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Vol. 36. Issue 12

Maine .Soinh Hisili Scliix.l • 1111 .S. Dee Roail • Park Ridiie. II. «HK)S

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Pressler and Chen: "Wanna buy a comb?"

News on News: Mardi Gras masquerade Pg6 The men in black: waste defenders Pg5 Focus on Faculty: Mrs. Jo Ann Bondi Pg5

COMMENTARY The real football on the rise Pg2 Games that go too far Pg3 Are you really happy? Pg4

NEWS Bamette goes international Pg9 January students of the month Pg8

SPORTS B-Ball girls perfect in conference pglO Full-house of conference swimmers Pgll Harman and Shemluck go to state Pgl2

Mr. Pressler smiles with satisfaction. His newly shaven head is attracting females of all ages. See page 9. by Maura Collins

property of

The Editors by Anne Edison-Swift


Football's time has come! (no, not f/7af football, the rea/football) by Nicole Penn Mention football to any crazed American sports fan and he'll go on for hours about what team will win the Superbowl. Mention European football to the same fan and he'll look at you like you're nuts. It's true that most Americans would agree that watching the zamboni go around the hockey rink is much more exciting than watching a full game of soccer. Typical American fans hate when, after a full 90 minutes of kicking, passing, hacking and shooting, the final score of a soccer game is a lousy 2-1. Even during the World Cup this past sum- ; mer in France, and the World Cup in the United States four years ago, Americans preferred to turn their TV's to a sport much more exciting, like bass fishing. America likes simple things. Like football, for instance, where every play is the same: QB receives the hike and throws it to the running back. Running back catches the ball and runs right into.apretackled pile of guys. Play doesn't work so team decides feeblemindedly to do the same play again. Or like basketball. With basketball, we would all know what to expect: Michael Jordan leaves the Bulls (this time he'll join. Rodman in the WWF) but later comes back to make the game-winniag shot in the championship game against the Utah Jazz. Meanwhile, Rodman is going through a series of hair dyes, wives (he'll once again marry himself) and wind u p paying fines because he kicked another camera man. Soccer is not like any of this. You must be intelligent in order to watch or play the game, which explains why Albert Einstein was a fan and Bill Clinton is not. Nevertheless, soccer is growing—fast. In 1992 only 15.2 million people, aged six or older, played soccer. Today the number has soared to more than 31 million and it's still growing. Fortunately, the MLS is getting more and more popular. People can now go to games without having to sell their first-bom for tickets, and enjoy the next hottest sport. Last spring, on the day of the White Sox home

opener, more people attended the Fire game than were at Comiskey Park. The Fire went on to win the MLS championship. Soccer is now becoming more and more televised. During last year's MLS season, almost all of the games were televised. Even during the off-season games are played. Every Friday night the Spanish channel gives you a chance to brush up on your Spanish and watch an exciting academy-awardwinning performance of dramatic minor league soccer teams, and English League soccer highlights electrify ESPN on Sunday nights. Because of the growing popularity of the MLS, kids now can get involved and have some motivation for playing the game after college. Luckily, today almost all high schools and colleges have a soccer program, whereas in 1994, only 75 percent of schools accepted, soccer as a varsity sport. The strength of women's soccer iiT America can also be sejen at the national level, where the U.S. ranks a t ^ e top of the world. American women won the gold at the last Olympics, and the final game was the hottest ticket in Atlanta. As America's national men's team achj&ves better results against European teams, the fan base will rise. And how far away is that? Well, three weeks ago the American team thumped Germany's national team 3-0, and Germany is regarded as one of the top teams in the world. Headlines around the world trumpeted America's stunning achievement. When more people get involved in soccer, more friends and family find out about the sport and then pass their knowledge of the game on to future generations. As many people wait for soccer to be as big here as it is in Europe, they will soon discover that they may not have to wait very long. Last year soccer was the third-mostpopular team sport in the U.S. just behind basketball and volleyball. ^^k Therefore, it's inevitable that soccer w S ^ become the next great American pastime. Because, hey, 90 minutes without stopping? That's gotta get you excitedl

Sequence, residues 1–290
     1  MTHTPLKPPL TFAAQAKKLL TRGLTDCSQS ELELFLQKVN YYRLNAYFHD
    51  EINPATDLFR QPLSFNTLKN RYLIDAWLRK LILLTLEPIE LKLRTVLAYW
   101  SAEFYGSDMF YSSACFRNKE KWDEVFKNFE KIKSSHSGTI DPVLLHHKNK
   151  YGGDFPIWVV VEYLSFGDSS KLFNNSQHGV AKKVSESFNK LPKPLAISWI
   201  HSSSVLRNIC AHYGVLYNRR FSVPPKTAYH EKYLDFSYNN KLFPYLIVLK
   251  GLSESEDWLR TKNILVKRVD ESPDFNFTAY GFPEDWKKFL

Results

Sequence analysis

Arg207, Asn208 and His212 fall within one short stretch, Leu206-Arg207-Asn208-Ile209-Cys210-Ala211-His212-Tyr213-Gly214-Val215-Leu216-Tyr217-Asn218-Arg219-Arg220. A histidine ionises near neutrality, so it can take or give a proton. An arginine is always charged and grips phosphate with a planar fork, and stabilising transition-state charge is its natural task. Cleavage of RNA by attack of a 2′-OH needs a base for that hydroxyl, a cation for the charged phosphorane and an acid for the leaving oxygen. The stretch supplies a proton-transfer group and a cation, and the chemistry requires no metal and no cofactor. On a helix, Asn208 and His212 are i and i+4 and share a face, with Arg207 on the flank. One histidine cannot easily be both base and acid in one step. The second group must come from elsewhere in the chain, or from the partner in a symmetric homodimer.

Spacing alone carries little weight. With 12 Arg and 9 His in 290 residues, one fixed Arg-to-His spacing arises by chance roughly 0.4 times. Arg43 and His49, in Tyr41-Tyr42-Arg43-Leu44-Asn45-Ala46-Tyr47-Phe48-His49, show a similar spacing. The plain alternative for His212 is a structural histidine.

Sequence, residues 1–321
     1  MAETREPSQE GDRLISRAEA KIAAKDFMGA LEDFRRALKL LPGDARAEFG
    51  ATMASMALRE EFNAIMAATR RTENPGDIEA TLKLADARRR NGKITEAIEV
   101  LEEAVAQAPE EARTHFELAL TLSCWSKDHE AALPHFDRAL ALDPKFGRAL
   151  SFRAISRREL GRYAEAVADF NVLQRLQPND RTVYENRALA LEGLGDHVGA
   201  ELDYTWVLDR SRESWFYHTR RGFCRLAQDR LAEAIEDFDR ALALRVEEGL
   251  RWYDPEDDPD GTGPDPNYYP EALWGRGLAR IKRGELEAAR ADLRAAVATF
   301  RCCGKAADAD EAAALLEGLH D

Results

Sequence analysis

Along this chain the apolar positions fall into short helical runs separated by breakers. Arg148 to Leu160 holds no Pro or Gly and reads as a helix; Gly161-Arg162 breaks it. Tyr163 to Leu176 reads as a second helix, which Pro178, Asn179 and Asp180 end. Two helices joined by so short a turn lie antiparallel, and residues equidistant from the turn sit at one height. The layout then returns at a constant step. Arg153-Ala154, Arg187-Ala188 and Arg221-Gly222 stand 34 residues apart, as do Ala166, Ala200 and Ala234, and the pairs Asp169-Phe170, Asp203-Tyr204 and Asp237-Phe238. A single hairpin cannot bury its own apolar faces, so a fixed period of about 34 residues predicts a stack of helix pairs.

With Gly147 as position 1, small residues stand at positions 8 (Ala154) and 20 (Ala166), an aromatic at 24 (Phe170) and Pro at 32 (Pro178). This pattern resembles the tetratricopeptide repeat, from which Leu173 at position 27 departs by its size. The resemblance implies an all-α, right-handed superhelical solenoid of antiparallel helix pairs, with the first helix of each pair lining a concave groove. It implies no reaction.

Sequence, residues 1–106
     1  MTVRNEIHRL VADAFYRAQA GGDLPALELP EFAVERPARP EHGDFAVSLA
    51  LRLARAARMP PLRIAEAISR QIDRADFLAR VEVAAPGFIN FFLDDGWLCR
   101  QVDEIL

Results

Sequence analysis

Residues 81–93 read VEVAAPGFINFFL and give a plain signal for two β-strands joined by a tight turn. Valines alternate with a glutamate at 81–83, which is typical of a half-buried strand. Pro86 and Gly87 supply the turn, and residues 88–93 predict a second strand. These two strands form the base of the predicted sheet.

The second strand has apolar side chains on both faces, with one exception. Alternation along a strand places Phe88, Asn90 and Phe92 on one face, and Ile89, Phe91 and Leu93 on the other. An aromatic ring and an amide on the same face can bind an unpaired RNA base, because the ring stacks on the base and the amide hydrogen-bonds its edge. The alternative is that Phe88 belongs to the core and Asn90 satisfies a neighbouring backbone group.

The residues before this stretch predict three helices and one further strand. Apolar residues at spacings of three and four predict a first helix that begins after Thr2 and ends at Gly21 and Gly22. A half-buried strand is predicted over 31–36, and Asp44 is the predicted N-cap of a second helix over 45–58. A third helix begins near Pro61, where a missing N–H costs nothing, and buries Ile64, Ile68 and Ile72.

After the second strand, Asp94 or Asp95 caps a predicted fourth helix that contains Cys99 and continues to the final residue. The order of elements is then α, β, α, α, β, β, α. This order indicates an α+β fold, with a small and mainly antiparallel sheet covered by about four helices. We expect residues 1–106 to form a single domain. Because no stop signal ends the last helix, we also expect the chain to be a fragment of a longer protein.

Commentary ] ^

When it's not a game anymore Picture your best friend. Now picture your best friend dead. Now picture all the people who knew all about the weapon that killed your best friend, but chose to say nothing. On Monday, February 22, two Maine South students decided to say something. When they discovered that another student had brought a .22 caliber pistol to school and was keeping it in his locker, they confiscated the gun and brought it to the deans' office. Later that day, police took the owner of the gun away in handcuffs. And so, it would seem, all is well at Maine South. In a school of two thousand, one has to assume that there will be problems, that a small handful of disturbed, irresponsible children will be foolish enough to bring a weapon to school. But at least we can take solace in the knowledge that the rest of Maine South, all the non-disturbed, responsible citizens of the school, will do all they can to set things right before any real harm is done. Or can we? By Tuesday the incident was all over school, and more disturbing facts were beginning to surface. "Oh, yeah," some students proclaimed proudly in class. "I knew he had the gun." "Yeah, he showed it to me," said others. And teachers gaped in open-mouthed incredulity and the mindlessness and insensitivity they were witnessing. When we were all children, "Thou shall not snitch" was a cardinal rule. And it was a good one, for the most part, because it taught us a sense of loyalty and community. And because it sometimes saved our own